Director: Matias Page
Starring: Matias Page. UK/USA. 1h 13m
How far can one man go into different realms before he literally finds himself? Site 1 unwraps with Matthews Phillips (Page), arriving at a secret location with a set of specific rules flashing up on the screen, his attempt to take part in a curious experiment. His personal intention is to discover the whereabouts of his brother who “went in before him”. While adhering to the rules Phillips ends up performing an elaborate ritual, but what is the aim and what is he letting himself into? After entering the home he finds a recorder, which alludes to more serious instructions which allude to a break in reality and the need to adhere to certain constraints in order not to slip through the crack himself.
Continue reading Site 1 (2018)
Director : Richard Cranor
Writers Hugh Berry, Richard Cranor +
Starring : Richard Cranor, Julian Gavilanes, Russell Hodgkinson. USA. 1h 17m
I knew from the title and cover that this was going to be ridiculous and while it has a cute sentimental message it’s really quite bone and just didn’t work for me, but it does have a few entertaining scenes.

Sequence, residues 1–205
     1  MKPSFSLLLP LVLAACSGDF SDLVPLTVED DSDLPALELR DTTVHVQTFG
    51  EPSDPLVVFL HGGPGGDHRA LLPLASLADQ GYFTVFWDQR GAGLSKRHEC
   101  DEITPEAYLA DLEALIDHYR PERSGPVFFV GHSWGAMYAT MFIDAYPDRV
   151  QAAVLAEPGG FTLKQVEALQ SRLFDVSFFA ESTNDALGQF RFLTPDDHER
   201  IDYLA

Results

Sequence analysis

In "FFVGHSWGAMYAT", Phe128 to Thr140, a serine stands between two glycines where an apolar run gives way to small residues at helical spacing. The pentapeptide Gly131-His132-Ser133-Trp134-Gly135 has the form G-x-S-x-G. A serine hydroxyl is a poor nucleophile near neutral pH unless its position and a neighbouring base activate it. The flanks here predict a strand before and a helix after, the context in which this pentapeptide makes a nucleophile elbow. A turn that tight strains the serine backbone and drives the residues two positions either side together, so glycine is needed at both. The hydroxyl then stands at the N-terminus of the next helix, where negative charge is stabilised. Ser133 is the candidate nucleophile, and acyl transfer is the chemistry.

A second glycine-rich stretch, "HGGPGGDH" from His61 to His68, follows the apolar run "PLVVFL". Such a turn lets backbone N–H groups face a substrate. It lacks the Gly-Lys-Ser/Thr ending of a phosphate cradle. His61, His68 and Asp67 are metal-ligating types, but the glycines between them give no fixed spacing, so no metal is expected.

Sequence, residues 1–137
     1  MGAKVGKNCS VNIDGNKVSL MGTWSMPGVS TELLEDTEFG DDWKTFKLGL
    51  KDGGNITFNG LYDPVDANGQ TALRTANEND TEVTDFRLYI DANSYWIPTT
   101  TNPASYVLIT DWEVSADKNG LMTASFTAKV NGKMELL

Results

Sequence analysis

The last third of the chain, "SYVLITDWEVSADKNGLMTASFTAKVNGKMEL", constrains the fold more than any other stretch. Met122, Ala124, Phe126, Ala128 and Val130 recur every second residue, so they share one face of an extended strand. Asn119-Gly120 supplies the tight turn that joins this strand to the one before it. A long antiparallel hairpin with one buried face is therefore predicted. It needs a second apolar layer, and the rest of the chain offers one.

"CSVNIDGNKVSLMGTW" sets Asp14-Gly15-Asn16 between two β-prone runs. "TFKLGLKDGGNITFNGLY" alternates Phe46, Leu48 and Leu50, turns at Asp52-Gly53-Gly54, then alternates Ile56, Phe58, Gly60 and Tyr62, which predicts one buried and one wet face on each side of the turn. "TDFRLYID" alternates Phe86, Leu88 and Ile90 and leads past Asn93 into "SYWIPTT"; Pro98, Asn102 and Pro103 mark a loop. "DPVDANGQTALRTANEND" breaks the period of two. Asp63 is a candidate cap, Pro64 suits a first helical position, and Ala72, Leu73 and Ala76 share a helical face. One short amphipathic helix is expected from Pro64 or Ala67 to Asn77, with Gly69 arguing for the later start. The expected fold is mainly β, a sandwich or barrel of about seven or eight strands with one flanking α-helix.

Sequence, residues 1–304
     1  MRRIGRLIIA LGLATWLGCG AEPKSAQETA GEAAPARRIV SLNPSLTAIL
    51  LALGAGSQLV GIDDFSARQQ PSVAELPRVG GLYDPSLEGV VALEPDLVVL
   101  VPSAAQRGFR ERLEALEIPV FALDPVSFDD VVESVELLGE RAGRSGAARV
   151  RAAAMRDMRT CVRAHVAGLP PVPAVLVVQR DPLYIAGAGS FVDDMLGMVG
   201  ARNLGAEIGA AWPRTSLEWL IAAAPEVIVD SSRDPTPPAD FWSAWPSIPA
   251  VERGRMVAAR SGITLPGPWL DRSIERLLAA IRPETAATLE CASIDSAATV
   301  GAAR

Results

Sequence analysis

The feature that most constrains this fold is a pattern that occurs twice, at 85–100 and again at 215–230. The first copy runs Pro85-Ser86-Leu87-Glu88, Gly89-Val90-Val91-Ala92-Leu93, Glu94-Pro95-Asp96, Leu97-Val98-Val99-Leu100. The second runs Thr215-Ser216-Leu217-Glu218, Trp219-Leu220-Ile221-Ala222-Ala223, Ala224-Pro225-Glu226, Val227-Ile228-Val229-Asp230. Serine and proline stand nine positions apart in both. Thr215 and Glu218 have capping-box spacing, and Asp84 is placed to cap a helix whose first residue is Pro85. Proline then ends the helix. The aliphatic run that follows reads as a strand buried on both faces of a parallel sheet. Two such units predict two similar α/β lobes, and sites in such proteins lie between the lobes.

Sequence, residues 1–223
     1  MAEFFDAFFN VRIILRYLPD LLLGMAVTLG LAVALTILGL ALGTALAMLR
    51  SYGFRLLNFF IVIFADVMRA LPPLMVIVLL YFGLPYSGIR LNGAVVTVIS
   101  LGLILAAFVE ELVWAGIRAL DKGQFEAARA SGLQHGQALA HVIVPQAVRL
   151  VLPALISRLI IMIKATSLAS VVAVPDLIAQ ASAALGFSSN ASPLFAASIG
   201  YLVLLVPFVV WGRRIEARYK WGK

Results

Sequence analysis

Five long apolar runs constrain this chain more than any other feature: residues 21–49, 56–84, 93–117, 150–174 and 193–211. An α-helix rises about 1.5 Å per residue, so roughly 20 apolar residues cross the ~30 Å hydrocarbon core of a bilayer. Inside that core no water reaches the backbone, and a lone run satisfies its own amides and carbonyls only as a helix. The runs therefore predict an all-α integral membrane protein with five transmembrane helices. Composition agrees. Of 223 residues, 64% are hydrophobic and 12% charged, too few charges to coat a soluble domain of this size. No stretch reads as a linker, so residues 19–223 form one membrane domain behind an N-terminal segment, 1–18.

After the Windows 95 generated intro backed by some equally old drum and bass, the movie kicks off with a flashback set in a warzone, the most shakey sniper (Richard Cranor) has to make a tough decision to shoot a man holding a child or not, a shot rings out but we don’t see what happens but cut to the current day, the sniper is now back from “the war” and is meeting up with old friends on the trail for WEEEEEED they have heard of the Star Leaf strain a new dream drug guaranteed to get you off this planet from a drug that came from out of space. They track/hike out into the middle of nowhere and after hooking up with Seth Guardrail Slaughter (Russell Hodgkinson) after running into a bizarre park ranger who encourages them to smoke some herb, they get high and the movie turns into an Ibiza dance video for a few minutes, then the true nature of the drug is slowly uncovered. Then things get even more pathetic, an attempt to try and justify how drugs make us perceive things in different ways and live better lives is scratched at and the end. Continue reading Star Leaf (2015)